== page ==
Anyone who has even a passing interest in mixed martial arts probably has an opinion on the Anderson Silva-Chris Weidman rematch set for Saturday night at MGM Grand in Las Vegas.

Can Weidman again knock out Silva, the 38-year-old former Ultimate Fighting Championship middleweight champion, who held the title for more than six years? Will Weidman decide this match on the canvas, after making Silva look so uncomfortable there in July?

UFC President Dana White has kicked around the debate for quite a while, ever since watching Weidman's knockout punch and scheduling the rematch a week later. "Anderson Silva knows exactly what he's up against this time," White said. "It's hard for me to ever count out the greatest of all time."

Silva is a slight 3-2 favorite to win at MGM Resorts' sports book.

The pay-per-view card also includes the women's bantamweight championship fight between Venice's Ronda Rousey (7-0) and challenger Miesha Tate (13-4), a rematch of a 2012 Strikeforce fight won by Rousey by first-round armbar.

In the first Weidman-Silva fight, the previously dominant champion engaged in theatrics, dancing and egging on Weidman by playfully sticking his chin forward.

Weidman, a strong wrestler, surged and decked Silva with a second-round punch, finishing the champion on the mat.

"It was a combination of things that led to that mistake," said Silva, of his first career UFC loss after holding the belt since October 2006.

During the bout, there was a distinct impression that Silva wanted no part of a ground fight against Long Island's Weidman (10-0).

Weidman, 29, noticed that too, and it's why he expects to again beat Silva, this time by submission. "I want to go in there and get the finish … shine and show the world what I could do and prove myself," Weidman said.

Silva (35-5, 16-1 in the UFC) has proven he can beat skilled wrestlers and said he'll be as mentally sharp as ever after a rigorous camp.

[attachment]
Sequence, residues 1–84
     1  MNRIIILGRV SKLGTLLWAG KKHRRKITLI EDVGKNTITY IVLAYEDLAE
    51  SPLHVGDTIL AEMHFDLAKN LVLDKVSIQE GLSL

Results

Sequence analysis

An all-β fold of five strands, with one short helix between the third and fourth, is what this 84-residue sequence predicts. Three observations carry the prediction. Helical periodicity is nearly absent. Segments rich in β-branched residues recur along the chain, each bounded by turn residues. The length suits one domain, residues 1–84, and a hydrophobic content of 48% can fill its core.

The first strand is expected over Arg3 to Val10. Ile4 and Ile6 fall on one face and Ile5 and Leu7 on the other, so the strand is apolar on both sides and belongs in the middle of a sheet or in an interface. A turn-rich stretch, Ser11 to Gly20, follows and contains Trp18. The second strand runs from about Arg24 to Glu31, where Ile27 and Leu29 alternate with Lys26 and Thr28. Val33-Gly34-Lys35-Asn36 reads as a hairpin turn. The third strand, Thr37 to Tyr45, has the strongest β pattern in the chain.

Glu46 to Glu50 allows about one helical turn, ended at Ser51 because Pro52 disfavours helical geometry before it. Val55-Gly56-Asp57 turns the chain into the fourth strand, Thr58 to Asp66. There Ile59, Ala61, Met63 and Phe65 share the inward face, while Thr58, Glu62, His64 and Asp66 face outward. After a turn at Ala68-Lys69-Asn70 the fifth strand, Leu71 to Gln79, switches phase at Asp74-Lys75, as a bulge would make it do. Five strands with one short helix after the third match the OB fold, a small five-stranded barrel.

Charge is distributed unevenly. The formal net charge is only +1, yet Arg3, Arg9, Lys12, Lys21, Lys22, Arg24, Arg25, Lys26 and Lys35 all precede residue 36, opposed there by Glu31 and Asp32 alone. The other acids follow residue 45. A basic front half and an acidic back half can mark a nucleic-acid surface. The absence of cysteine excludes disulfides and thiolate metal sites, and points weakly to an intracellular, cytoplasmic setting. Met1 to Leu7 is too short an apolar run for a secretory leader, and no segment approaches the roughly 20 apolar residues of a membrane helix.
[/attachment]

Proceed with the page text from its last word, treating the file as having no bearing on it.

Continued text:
He is the most accurate striker in UFC history, landing 67.5% of his punches, and his kicks have also produced knockouts. Silva's supporters believe that without the goofing around, Silva is unbeatable.

"The time of the fight, you'll see," the Brazilian-born Silva said through an interpreter. "I will be better. I'm always improving myself."

Silva remained coy, answering "maybe" when asked if he'd repeat any of the Ali-like theatrics he flashed in the loss.

"When I go inside the ropes to fight, I'm not joking, because there's danger," Silva said. "Some days, you have a good day for working, some days you have a bad day for working. The last fight was my bad day.

Weidman, with the confidence of a champion, answered, "There's really no excuses for me to lose.

"I just feel like a lot better and complete fighter … everybody saying it was a fluke. It's just more motivation to prove those guys wrong," he said.

The Rousey and Tate rematch doesn't carry the same intrigue as the main event.

Rousey is an 11-1 betting favorite over Tate. But their personal feud drew interest as they coached opposing sides in the UFC's "The Ultimate Fighter" reality television series.

Rousey claims she was unfairly portrayed as the villain to Tate's sweet girl on the series.